By Jannie Møller Hartley
Misinformation has been a theme in recent years in connection with several democratic elections in our neighboring countries. In particular, the notion of ‘fake news’ with fictitious and factually incorrect stories has received much publicity. However, experience from countries such as the UK, Germany and Sweden had already shown that so-called ‘junk news’ is more widespread that actual misinformation from foreign actors or trolls interested in corrupting the election results. Therefore, Politiken set out to investigate the phenomenon in Denmark prior to the parliamentary elections in the spring of 2019. The newspaper contacted Digital Media Lab in the initial research for this story, as a number of questions came up during the research.
First of all, how could previous research carried out during elections in Sweden be used in a Danish context?
Researchers at Oxford University had already investigated the phenomenon. They defined ‘junk news’ as ‘propaganda and ideologically extreme, hyper-partisan or conspiratorial political news’. Five criteria were used to measure the amount of junk news during the election. Oxford examined the Swedish election in the fall of 2018 and concluded that for every three normal articles shared on Twitter, a ‘junk news’ article was shared.
The Oxford researchers were not investigating the general election in Denmark. Politiken therefore set up an expert panel with the help of the three journalism programs in Denmark. I agreed to be part of the panel, together with Peter Bro, head of the Center for Journalism at the University of Southern Denmark, Vibeke Borberg, lawyer and associate professor of media law from the Danish School of Media and Journalism.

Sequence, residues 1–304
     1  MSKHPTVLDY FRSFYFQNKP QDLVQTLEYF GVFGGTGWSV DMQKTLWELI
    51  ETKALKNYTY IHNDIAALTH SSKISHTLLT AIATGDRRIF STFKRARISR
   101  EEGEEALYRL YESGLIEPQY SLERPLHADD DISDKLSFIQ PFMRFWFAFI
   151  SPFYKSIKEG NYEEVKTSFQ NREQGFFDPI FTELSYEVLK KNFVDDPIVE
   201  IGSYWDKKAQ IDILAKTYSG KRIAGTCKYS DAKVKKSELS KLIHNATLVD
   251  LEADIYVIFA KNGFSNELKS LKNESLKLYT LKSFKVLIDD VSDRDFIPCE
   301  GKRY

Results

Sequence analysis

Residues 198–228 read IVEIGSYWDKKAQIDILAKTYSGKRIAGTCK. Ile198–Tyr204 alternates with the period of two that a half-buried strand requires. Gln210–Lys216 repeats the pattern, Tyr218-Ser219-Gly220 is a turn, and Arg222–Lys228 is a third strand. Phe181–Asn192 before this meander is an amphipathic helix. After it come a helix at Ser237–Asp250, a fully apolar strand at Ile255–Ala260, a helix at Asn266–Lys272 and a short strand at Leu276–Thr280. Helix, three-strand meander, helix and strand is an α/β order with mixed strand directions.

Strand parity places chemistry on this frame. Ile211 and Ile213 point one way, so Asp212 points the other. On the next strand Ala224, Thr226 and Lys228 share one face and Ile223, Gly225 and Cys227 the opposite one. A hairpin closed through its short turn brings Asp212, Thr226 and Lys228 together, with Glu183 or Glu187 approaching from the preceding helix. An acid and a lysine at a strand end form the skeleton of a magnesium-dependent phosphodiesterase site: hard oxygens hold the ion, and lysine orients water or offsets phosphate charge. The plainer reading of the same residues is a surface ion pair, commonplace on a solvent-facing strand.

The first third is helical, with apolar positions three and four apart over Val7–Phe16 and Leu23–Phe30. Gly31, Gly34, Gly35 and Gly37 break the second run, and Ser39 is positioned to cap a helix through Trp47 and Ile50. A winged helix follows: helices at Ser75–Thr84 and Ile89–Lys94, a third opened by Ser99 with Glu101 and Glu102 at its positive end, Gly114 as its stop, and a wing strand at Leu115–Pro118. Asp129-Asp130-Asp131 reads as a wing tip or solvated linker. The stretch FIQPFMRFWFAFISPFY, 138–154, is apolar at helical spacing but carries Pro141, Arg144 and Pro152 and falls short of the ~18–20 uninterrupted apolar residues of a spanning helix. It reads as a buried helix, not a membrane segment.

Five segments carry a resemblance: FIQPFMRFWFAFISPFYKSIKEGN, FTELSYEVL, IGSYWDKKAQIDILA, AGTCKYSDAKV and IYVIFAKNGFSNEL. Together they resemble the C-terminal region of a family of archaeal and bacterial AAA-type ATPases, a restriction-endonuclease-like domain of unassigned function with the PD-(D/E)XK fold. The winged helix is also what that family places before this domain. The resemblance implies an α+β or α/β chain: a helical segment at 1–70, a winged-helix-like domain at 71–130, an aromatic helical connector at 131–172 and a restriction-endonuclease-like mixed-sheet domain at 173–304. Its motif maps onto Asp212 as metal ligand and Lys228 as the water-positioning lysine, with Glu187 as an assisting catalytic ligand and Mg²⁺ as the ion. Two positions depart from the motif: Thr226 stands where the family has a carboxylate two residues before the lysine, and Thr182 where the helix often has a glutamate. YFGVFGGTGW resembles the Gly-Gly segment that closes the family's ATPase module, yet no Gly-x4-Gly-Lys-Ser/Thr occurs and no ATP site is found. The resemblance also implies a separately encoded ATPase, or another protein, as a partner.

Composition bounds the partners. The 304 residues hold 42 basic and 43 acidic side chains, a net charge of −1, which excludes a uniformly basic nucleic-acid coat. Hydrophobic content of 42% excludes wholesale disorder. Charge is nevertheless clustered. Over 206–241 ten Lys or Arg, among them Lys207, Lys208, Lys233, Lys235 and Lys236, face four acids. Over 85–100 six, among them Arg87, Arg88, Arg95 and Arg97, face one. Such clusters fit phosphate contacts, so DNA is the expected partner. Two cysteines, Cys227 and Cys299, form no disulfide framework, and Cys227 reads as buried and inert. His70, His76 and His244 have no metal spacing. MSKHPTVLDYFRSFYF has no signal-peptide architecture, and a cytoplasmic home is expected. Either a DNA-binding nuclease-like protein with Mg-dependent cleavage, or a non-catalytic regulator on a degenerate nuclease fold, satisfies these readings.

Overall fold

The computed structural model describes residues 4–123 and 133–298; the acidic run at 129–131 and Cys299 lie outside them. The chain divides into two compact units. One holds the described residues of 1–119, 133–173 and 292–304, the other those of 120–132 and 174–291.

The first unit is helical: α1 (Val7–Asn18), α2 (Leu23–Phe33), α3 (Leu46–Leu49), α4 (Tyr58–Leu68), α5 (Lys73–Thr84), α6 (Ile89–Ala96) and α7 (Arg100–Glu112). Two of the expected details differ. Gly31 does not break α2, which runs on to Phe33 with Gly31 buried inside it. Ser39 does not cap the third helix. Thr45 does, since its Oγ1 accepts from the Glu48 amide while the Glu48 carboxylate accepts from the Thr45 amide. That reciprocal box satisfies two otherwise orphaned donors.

New questions came up and simply employing the framework from the Oxford study proved an uneasy fit.
The panel spent quite some time discussing the definition of ‘junk news’ and after reading several of Oxford’s reports we concluded that the Oxford criteria were deficient. Instead, the panel set out 20 criteria for how we would assess what ‘junk news’ is. We decided that it was important to evaluate 1) The platform 2) the producers and 3) the product.
In terms of platform, we developed criteria such as ‘who owns the medium?’ And ‘is the business model transparent?’
As far as producers are concerned, the panel decided to include criteria such as ‘does the media correctly declare article genres, such as news and attitude?’ And ‘Is the media willing to correct mistakes, and how does it make the readers aware of corrections?’
As far as the product was concerned, the panel wanted to include criteria such as ‘does the media follow the contradictory principle – that the accused in an article has the right to see and respond to criticism?’. Another criterion, although a difficult one, was: ‘Is the information communicated by the media outlet misleading?’